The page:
Personalize Your UX
We’re all different. A person could be tall or short, could love dogs or adore cats, and could be a traveler or a homebody. Regardless of our looks and personality, we all want the special treatment. The smartphone is one of the most personal devices. From unlocking it with the owner’s fingerprint to activating systems with the owner’s voice, users want to use tools that seem to know them.
So, how do you create a system that is customized for each user? Nowadays, it is one of the challenges of mobile apps. UX designers actually create so-called “personalization” strategies into websites and applications:
- As a component of the marketing strategy
- As part of the interviews map related to the web content, games or applications.
Let’s put UX personalization under the microscope
Everything is simple and complicated at the same time. Simply put, personalization is online individualization. The individualization has to satisfy the unique needs of every visitor, guiding him through the conversion funnel. Personalization is complicated in the sense that it also defines a number of things, such settings on the site or application (for example, knowing in advance about the user’s poor eye-sight, UI will automatically increase the font), or elements such as cookies to track user behavior and request history.
Factors that influence personalization include:
- Search and keywords
- The type of device (desktop versus phone, iOS vs. Android)
- Click-through rate on ads
- Purchase history from a particular retail site
- Geolocation (especially on mobile devices)
- Frequency of visit to the website
- Clickable navigation patterns and history
- User preferences
- Demographic data (age, gender, etc.)
According to the SAS Institute marketing research, 57% of users expect companies to understand their needs and preferences. They expect relevant content and maximal usability of application during the buying process. They desire to receive information, which might help them to choose the goods quickly, not wasting any time to search and research. They expect that their own “smart” device will recommend them the goods they really need.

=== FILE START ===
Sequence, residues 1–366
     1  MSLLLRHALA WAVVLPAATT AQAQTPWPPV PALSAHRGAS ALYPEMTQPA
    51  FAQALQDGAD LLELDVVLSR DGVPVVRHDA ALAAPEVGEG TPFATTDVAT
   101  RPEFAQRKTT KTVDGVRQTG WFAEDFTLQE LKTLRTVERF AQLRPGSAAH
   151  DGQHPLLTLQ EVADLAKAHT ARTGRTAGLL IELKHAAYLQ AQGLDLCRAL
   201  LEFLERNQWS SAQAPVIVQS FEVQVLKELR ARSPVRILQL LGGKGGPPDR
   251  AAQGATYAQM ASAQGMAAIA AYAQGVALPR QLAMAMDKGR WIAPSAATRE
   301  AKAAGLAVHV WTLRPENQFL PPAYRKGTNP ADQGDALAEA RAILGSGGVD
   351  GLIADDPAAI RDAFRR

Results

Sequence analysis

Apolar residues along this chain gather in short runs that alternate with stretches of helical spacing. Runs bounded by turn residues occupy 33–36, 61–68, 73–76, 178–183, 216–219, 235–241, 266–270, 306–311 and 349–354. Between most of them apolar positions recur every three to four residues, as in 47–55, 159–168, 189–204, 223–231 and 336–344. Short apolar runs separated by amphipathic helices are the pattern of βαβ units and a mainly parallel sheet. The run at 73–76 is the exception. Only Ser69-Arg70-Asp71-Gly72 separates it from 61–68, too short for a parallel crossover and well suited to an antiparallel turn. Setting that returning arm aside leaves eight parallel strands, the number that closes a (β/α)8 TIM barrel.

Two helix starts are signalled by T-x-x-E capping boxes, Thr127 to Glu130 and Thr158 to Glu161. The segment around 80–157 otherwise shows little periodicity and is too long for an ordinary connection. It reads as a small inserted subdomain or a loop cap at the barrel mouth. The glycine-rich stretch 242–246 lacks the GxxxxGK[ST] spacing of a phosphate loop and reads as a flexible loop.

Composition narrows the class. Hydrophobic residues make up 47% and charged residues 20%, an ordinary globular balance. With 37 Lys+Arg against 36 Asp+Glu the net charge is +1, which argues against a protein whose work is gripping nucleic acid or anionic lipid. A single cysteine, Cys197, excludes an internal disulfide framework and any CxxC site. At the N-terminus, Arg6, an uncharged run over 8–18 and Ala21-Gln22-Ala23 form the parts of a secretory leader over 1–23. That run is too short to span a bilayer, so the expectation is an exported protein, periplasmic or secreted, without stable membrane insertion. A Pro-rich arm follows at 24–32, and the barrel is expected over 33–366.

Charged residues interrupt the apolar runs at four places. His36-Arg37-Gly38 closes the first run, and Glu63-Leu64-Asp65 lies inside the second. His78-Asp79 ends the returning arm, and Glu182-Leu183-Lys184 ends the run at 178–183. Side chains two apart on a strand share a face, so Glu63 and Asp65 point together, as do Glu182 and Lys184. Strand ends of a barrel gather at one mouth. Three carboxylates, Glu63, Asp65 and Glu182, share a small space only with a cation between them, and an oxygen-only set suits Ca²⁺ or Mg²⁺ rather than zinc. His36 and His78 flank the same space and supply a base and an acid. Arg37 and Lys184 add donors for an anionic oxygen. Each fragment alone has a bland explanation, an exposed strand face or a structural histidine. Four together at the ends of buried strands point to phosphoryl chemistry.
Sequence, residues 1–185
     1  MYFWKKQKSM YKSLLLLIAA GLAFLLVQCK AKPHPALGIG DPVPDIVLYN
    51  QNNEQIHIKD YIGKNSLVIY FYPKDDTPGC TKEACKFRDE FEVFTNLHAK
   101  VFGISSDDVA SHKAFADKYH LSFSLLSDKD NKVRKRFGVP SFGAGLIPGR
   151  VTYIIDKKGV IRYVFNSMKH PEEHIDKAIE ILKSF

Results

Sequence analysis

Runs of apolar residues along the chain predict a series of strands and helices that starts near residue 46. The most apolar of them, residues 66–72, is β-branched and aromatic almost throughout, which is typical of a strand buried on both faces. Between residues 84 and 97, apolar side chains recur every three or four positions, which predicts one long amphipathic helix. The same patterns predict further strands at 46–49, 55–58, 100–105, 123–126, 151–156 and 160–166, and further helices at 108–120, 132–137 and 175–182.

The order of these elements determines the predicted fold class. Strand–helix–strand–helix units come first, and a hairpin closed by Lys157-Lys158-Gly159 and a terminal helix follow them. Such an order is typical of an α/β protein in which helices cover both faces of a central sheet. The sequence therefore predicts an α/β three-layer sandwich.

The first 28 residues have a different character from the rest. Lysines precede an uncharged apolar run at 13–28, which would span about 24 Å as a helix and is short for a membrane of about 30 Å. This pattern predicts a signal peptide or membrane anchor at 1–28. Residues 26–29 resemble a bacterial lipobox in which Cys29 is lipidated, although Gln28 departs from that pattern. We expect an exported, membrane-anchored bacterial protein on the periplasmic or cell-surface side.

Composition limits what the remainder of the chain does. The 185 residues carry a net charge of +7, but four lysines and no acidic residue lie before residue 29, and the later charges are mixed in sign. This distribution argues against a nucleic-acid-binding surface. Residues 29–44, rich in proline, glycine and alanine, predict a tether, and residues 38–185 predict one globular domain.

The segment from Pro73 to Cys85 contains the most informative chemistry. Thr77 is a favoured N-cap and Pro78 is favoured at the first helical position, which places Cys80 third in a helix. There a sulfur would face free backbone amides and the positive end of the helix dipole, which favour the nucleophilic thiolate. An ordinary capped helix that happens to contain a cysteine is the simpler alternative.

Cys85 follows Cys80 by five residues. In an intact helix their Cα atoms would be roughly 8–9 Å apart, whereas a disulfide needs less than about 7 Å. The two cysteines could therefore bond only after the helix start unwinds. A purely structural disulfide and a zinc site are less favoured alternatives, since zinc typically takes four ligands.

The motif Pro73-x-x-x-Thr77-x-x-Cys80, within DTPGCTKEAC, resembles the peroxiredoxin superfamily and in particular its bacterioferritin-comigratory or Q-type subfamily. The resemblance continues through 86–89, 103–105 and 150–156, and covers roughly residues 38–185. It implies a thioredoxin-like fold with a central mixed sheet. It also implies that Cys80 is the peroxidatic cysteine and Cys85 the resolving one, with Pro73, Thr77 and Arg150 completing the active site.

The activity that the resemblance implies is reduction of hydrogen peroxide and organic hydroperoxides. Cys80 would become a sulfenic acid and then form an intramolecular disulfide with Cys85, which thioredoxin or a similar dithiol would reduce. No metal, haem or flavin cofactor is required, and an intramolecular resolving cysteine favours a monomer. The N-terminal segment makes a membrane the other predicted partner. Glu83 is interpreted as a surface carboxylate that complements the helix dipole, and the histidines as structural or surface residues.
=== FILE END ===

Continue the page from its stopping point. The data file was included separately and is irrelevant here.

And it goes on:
Personalization Paradox – is it possible to avoid?
While personalization allows the user to feel special, it also allows brands to create a faithful portrait of their customer: understanding his way of thinking, using a winning combination of psychological tricks and requests. However, the paradox exists: users want to get personalized offers, but are not ready to share personal information requested by the applications. It is important to create a balance and not frighten the user by overly targeted advertising (“Oh gosh, are they following me? Stop showing me this. I don’t want to buy your blanket!”). That is why personalization must stay invisible. Invisible personalization should be like good UI: undetectable because it fitsseamless in the system. Data collection for invisible personalization should be inconspicuous, such as asking typical questions in a creative, less explicit way.
Good tips for your UX personalization strategy
Personalization is not just “What ad could I show to the customers and when?” Karl Wirth, CEO of the real-time personalization platform Evergage, summarized the 4 core principles of UX:
- Understand – for example, an application could propose events in the user’s area of interest, and located in the user’s region by using geo-tags and focusing on user’s search queries.
- Help – for example, the mobile application could help the user choose between two items. The user interface could show related items and their prices according to the user’s previous purchases.
- Surprise/Delight – UX designers shouldn’t forget about little psychological tips. A gift is always pleasant to everyone, like a pop-up window informing about free delivery.
Many popular retailers use push-notifications to improve UX. There is little doubt that the Starbucks personalization strategy is one of the best. Their mobile application has a dual purpose: to raise the level of user involvement and to offer personalized notifications via promotions.
Allow users to create unique profiles, for example, websites such as Netflix and Amazon allow users to override suggestions to optimize personalization.
The website for eyeglass retailer Zenni allows users to upload their own photos and “try on” glasses online. Users can compare and save options and the entire experience is quite personal.